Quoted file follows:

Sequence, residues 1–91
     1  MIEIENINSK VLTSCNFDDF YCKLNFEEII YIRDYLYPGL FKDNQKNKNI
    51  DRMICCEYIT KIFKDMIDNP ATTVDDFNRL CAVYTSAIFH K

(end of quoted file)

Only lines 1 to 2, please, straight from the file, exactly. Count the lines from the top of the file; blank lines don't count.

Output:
Sequence, residues 1–91
     1  MIEIENINSK VLTSCNFDDF YCKLNFEEII YIRDYLYPGL FKDNQKNKNI